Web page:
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Majestic fin whales

Icelandic whalers kill first fin whales in four years

As feared, whale hunters in Iceland have slaughtered at least two fin whales, the first...
hvalur-8-whaling-vessel

Majority of Icelandic people think whaling harms their country’s reputation

A survey of Icelandic people has confirmed that the majority believe whaling damages Iceland's reputation. ...
A magnificent sei whale © Christopher Swann

Japan Begins Commercial Whaling Season

Sei whale © Christopher Swann Japanese whalers have left port to begin this year's annual...

Pumps and conveyor belts. How could more whales help save us?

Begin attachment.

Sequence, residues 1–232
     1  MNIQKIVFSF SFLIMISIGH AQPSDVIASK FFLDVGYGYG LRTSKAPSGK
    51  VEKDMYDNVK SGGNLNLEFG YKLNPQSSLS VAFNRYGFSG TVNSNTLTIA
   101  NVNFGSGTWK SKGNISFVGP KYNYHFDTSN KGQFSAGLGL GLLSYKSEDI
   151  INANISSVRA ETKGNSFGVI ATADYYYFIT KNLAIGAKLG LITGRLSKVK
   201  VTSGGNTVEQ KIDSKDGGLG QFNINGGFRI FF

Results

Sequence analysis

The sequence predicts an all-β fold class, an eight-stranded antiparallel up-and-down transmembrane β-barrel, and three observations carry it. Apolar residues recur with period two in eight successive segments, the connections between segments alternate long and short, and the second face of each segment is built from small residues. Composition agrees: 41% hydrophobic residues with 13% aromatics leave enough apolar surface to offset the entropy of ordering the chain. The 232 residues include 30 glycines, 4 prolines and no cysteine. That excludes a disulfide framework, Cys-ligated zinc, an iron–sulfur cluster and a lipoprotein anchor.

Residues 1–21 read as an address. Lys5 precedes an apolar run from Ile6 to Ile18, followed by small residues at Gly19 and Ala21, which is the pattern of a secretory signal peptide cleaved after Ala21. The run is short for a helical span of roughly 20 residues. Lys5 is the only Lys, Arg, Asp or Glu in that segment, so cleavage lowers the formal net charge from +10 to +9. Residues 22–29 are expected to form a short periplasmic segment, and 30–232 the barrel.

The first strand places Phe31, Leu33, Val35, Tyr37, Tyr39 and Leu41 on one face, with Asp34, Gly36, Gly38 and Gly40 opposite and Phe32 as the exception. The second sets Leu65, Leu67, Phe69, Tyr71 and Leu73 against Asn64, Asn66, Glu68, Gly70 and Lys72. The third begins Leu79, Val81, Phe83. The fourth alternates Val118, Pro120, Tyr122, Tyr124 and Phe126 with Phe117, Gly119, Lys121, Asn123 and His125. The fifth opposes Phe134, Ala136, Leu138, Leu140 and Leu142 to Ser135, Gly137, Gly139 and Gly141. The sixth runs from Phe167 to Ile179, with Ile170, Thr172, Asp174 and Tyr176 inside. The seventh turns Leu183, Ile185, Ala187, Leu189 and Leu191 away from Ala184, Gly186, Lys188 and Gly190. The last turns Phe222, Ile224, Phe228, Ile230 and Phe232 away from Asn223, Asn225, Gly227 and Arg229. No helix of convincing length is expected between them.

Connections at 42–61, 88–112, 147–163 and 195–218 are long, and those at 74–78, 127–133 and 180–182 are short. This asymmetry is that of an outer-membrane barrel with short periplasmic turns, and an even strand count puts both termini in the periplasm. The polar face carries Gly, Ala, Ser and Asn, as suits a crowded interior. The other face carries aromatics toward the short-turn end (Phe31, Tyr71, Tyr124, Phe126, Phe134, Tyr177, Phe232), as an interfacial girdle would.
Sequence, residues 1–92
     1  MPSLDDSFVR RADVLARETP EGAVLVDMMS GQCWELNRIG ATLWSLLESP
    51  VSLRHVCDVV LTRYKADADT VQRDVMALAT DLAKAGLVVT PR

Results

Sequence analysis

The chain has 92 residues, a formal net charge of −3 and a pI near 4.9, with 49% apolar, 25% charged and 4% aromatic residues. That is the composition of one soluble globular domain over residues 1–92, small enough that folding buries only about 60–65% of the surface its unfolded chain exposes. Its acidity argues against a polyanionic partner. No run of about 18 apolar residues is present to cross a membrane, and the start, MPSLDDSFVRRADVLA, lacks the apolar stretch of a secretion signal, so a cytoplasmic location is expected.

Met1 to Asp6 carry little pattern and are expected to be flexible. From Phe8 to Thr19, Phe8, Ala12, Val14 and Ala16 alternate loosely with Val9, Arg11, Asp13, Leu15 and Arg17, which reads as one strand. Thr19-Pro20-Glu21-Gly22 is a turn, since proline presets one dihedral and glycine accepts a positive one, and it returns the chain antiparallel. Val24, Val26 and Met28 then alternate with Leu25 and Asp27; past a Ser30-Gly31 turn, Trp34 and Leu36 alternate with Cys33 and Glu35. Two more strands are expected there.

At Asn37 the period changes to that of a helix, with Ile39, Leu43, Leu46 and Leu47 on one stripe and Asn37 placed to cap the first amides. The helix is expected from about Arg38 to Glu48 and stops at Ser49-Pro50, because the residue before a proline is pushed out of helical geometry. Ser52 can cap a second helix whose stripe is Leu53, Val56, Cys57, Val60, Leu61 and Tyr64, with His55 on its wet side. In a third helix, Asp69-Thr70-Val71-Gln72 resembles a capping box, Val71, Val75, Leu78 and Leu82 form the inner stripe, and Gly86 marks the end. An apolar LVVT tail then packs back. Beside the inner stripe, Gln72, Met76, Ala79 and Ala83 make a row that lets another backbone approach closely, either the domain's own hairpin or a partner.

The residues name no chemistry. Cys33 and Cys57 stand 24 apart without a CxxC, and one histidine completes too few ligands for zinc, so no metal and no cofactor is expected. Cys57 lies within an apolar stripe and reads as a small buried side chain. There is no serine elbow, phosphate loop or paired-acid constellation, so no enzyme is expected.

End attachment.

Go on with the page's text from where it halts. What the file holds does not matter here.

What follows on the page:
University of Alaska Fairbanks Master's student, Dana Bloch, retrieves a CTD that is used to...

Did toxic algae kill whales in Alaska

Officials from the US National Oceanic and Atmospheric Administration say that algal toxins associated with warming surface waters could have been the reason behind the mass deaths of 44 whales in 2015 in the Gulf of Alaska.

A similar event happened in waters near the Canadian province of British Columbia around the same time and those whales that died were later found to have consumed algal toxins. Testing on the whales that died in Alaska waters we not possible because many of the whales had decomposed or could not be retrieved.

Researchers say that it is possible that the whales may have died as a result of collisions with vessels or infectious diseases.

The large numbers of whales, dolphins and porpoises found dead or stranded around the world’s coastlines each year are often helpless, and usually die within a few hours or days if not attended to in the right way. Help WDC’s strandings work by donating today.